Philosophy of Science 79 (5):667-677 (2012)

Mary Morgan
London School of Economics
Critiques of case studies as an epistemic genre usually focus on the domain of justification and hinge on comparisons with statistics and laboratory experiments. In this domain, case studies can be defended by the notion of “infirming”: they use many different bits of evidence, each of which may independently “infirm” the account. Yet their efficacy may be more powerful in the domain of discovery, in which these same different bits of evi- dence must be fully integrated to create an explanatory account with internal validity.
Keywords case studies  social sciences  internal validity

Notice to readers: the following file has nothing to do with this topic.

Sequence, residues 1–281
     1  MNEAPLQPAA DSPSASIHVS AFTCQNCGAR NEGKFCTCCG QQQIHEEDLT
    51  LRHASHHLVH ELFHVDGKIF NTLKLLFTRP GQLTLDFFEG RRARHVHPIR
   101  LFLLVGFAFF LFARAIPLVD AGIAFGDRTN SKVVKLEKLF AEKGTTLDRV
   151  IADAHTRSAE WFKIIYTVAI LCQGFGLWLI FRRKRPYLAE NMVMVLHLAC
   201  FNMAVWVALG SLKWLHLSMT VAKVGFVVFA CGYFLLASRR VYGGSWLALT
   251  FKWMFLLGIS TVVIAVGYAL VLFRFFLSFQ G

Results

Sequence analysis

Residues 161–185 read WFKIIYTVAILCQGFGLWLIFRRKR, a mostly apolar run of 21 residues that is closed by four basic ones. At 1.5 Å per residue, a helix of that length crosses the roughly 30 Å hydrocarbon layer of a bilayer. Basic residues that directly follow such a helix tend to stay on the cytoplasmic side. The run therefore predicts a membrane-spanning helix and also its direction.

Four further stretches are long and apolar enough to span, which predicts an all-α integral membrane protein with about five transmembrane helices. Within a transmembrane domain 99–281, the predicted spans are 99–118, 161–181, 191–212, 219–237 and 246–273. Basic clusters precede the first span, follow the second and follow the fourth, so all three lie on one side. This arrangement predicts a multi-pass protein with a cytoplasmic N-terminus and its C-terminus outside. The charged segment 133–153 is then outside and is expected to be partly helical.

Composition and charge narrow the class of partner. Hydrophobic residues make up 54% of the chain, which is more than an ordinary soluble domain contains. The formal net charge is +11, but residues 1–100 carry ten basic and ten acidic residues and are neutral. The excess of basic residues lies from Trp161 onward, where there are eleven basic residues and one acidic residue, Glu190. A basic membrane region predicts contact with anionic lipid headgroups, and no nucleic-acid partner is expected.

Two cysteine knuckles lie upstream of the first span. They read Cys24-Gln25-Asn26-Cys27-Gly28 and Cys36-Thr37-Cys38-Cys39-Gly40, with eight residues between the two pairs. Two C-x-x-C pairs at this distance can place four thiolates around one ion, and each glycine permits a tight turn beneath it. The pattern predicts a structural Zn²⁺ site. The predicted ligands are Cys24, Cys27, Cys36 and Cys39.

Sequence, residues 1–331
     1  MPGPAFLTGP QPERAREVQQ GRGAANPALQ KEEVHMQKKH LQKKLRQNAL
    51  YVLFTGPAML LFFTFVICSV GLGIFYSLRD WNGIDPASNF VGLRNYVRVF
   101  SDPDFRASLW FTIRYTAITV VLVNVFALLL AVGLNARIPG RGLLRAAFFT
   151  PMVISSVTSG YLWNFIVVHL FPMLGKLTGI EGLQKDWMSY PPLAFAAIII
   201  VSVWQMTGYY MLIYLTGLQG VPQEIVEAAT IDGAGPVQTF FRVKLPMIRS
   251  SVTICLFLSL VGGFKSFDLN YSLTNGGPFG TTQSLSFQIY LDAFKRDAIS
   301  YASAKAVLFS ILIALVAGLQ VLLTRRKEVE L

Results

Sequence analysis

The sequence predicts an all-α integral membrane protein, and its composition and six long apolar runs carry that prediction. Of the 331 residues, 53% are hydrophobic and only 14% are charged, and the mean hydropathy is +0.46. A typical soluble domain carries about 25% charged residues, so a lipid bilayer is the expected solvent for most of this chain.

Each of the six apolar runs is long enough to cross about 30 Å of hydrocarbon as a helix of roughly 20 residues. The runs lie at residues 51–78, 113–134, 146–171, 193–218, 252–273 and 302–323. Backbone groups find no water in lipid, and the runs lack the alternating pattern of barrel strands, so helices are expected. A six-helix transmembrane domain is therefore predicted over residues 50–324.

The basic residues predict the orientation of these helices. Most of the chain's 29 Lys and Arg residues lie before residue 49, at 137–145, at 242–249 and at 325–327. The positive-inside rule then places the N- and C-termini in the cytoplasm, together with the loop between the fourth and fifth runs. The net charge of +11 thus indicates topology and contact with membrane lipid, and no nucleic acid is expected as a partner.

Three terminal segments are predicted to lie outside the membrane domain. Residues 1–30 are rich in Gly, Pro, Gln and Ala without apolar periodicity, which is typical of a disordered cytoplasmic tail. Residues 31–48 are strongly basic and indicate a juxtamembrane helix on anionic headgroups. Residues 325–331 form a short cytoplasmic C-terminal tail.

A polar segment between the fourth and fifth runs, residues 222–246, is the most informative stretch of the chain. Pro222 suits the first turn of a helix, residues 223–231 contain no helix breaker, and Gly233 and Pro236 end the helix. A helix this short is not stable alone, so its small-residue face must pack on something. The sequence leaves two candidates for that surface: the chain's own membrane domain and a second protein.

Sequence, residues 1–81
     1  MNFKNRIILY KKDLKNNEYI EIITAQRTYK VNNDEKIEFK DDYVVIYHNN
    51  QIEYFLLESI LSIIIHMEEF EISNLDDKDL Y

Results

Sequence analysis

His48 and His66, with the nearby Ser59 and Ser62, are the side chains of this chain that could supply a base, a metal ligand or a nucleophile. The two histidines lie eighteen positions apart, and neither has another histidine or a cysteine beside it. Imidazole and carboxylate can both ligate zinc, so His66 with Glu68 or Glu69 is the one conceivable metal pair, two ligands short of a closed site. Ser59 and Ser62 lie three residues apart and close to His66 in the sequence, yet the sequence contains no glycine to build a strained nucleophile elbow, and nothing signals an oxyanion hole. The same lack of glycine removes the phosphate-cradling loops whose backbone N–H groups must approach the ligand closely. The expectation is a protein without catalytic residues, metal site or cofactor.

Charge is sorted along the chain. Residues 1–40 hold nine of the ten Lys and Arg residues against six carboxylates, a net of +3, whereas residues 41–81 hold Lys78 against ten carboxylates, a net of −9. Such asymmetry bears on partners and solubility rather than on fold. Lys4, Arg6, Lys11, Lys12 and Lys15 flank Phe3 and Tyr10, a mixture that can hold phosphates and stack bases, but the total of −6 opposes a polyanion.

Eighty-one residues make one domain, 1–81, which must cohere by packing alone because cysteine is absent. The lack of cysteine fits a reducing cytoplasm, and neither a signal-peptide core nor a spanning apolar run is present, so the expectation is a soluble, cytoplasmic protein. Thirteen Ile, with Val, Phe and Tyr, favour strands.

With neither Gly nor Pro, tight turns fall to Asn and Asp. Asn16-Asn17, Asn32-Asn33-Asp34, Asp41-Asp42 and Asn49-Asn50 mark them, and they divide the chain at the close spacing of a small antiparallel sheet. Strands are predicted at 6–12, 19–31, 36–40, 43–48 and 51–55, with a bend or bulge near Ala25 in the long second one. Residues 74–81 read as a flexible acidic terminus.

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DOI 10.1086/667848
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References found in this work BETA

‘Style’ for Historians and Philosophers.Ian Hacking - 1991 - Studies in History and Philosophy of Science Part A 23 (1):1-20.
If P , Then What? Thinking in Cases.John Forrester - 1996 - History of the Human Sciences 9 (3):1-25.

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Citations of this work BETA

‘If P? Then What?’ Thinking Within, with, and From Cases.Mary S. Morgan - forthcoming - History of the Human Sciences:095269511989934.
Moving Forward on Models.Mary S. Morgan - 2015 - Journal of Economic Methodology 22 (2):254-258.

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